SCHS implements weekly Pledge of Allegiance

To fulfill legal requirements, fix the bell schedule and show unity as a country, SCHS starts the Pledge

It’s Wednesday morning, and students are sitting in their third period class, waiting for the bell. When it rings, they stand, place their hands on their hearts, and in unison with the student on the announcement speaker, begin to recite the Pledge of Allegiance.

Beginning this school year, SCHS will be reciting the Pledge every Wednesday morning. Reciting the Pledge in high schools is legally required, according to the California Education Code. When SCHS needed to add one more minute in order to fix the bell schedule, they took it as the perfect opportunity to implement the Pledge.

“I believe this will help us recognize that the flag is not a symbol of one party or group, but what this country can be all together, and what we can fight to make it be,” Shelby said.

A different student will be saying the Pledge each week, and after the Pledge is said, the remaining time will be used for the usual daily announcements.

Some students chose not to stand or recite the Pledge. One of these students is sophomore Charlie Velasquez, who views sitting during this time as her small act of civil protest.

“I don’t agree with the president and I don’t agree with a lot of the morals in our country, such as immigrants not having rights, LGBT people not having rights, capitalism and a lot of other things,” Velasquez said. She choses to sit because, as the child of two immigrants, the Pledge doesn’t mean as much to her as it used to.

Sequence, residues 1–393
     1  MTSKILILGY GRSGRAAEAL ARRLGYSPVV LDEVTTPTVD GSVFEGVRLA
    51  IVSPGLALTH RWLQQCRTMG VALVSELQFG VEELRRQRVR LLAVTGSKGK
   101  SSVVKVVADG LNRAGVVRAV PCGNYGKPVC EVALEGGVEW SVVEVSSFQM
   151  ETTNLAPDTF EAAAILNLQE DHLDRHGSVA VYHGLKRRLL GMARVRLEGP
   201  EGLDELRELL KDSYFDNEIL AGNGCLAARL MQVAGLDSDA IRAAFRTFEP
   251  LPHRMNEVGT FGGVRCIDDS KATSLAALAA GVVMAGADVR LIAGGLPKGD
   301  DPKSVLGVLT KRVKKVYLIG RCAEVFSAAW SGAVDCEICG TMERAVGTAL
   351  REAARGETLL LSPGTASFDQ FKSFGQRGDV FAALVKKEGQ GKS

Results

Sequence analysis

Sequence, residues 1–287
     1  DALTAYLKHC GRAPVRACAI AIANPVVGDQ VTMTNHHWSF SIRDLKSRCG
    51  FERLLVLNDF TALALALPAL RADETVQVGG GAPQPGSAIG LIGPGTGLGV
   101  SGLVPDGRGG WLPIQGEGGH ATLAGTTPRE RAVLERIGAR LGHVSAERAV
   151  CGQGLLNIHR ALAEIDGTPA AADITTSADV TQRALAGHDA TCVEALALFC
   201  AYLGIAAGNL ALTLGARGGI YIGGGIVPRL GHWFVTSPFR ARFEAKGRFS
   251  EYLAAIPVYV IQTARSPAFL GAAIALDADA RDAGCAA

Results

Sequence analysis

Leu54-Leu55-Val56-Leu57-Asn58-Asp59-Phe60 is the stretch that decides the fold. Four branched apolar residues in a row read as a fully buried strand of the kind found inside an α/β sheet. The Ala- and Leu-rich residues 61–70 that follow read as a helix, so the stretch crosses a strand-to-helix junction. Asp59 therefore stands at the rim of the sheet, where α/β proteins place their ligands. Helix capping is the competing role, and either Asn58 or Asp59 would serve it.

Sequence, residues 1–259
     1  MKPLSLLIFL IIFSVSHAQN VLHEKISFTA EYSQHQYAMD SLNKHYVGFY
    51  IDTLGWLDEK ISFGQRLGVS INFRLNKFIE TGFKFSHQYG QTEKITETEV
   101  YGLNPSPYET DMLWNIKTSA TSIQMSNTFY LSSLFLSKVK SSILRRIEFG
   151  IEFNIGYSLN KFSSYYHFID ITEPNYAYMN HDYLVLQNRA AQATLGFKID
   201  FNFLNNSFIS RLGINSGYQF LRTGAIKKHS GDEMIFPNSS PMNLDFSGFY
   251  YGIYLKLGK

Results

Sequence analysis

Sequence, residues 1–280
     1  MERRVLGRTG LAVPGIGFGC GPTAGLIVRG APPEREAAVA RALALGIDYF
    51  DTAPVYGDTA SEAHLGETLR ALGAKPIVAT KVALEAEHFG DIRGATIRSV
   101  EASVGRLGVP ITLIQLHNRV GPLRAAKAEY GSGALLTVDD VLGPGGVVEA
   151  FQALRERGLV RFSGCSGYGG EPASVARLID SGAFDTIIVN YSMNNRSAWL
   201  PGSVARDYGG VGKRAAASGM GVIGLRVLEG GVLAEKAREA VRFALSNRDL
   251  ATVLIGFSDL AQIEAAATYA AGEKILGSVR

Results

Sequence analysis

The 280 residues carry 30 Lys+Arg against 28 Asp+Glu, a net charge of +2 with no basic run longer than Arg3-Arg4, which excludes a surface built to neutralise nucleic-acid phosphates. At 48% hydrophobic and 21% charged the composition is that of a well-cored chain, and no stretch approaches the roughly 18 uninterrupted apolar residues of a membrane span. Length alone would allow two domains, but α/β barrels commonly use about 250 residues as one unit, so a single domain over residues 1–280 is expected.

Senior Grace Wills, ASB president, believes that one should stand for the Pledge even if they don’t like the current government, in honor of the sacrifices that were made to get America to where it is today.

“[The Pledge] means respect for the people who built our country and got it to where it is now. Lots of people lost their lives for this country and we should respect that,” Wills said.

Another student who chooses to sit out is sophomore Anjali Mathi. She doesn’t feel able to pledge herself to our country in current times.

“For a long time, at least to me, the Pledge represented what this country was about, and the sense of patriotism and nationalism that a lot of us hold close to our hearts,” Mathi said, “That’s been warped by our current administration and the way people are treating each other today.”

Whether they sit or stand, speak or remain silent, a student’s decision will be respected.

“I would be a hypocrite if you said you had to do it, because that denies the very freedom America is all about,” Shelby said.